Assuming 120 as the 2nd buy back price - since you have already tendered your 20% shares in the 1st stage, your holding is now only 80 shares, hence 25% of 80will be 20. so 20*120=2400 should be the return in row 11, and correspondingly the terminal value will increase accordingy as number of share pending will be 60 instead of 55.

Also i understand that since the total share capital of the firm is going to remain the same even after the buyback, hence the next buyback price if its greater than 120 would mean less number of shares getting bought back reducing the acceptance ratio. Hence the buyback price for 2nd stage is to a large extent immaterial.
Kinldy correct if i am wrong.

Cheers,
Mayank

Ninad Kunder said...

Hi Mayank

You are right on the error pointed on the excel sheet. It should be 20 shares in the second offer and number of shares pending will be 60. I will rework the excel sheet and post that.

The buyback price in the second stage becomes material because it alters the NAV post the buyback and hence the terminal value based on the haircut that the market will give.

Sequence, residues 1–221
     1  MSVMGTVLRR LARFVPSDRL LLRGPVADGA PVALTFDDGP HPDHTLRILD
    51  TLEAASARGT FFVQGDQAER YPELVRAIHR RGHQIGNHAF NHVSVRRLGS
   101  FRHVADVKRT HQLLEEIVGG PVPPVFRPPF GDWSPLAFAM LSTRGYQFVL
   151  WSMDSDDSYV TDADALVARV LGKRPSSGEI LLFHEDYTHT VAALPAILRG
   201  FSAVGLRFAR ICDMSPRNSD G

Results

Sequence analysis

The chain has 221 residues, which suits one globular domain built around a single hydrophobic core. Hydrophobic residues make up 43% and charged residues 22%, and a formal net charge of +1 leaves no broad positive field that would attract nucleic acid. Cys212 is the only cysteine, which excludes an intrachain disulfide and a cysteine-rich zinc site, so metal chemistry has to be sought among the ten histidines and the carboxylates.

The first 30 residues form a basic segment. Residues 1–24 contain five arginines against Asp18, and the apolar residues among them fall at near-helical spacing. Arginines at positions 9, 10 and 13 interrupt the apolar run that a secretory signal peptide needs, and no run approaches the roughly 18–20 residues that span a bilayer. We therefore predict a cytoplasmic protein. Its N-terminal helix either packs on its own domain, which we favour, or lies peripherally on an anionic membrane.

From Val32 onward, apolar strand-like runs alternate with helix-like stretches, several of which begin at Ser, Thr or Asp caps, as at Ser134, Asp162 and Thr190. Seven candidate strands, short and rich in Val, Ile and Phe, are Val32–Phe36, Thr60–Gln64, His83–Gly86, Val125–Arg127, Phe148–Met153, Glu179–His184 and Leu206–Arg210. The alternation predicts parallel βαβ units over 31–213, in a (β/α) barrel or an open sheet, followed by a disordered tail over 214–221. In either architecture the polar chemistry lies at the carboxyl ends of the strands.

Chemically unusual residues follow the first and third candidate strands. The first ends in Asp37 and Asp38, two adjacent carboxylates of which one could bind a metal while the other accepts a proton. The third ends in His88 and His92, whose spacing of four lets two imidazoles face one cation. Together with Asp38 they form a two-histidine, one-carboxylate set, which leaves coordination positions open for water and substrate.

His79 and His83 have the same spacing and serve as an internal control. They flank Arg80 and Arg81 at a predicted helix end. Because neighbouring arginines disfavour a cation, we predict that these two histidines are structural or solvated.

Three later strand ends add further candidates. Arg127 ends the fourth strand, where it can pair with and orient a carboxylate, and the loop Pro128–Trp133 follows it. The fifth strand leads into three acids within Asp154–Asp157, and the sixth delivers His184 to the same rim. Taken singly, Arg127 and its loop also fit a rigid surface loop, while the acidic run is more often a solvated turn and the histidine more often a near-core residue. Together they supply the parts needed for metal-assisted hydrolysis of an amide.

A higher offer price would be better as it will lead to higher money in hand. I have taken 120 as a conservative estimate.

Cheers

Ninad

Ankur Jain said...

Ninad,

Why do you think the offer price in the second buyback is going to be 120 ? That is the best possible outcome.

A probability of lower offer price should be factored in after considering a lower probability of the second offer.

I think it will largely depend on the market conditions and promoters' intentions whenever they decide to do a second buy-back .

Random said...

Ninad,

I have the same question as Ankur

Putting too much faith in what Management is saying can be harmful

As far as I know a Buyback AND a special dividend were on the way earlier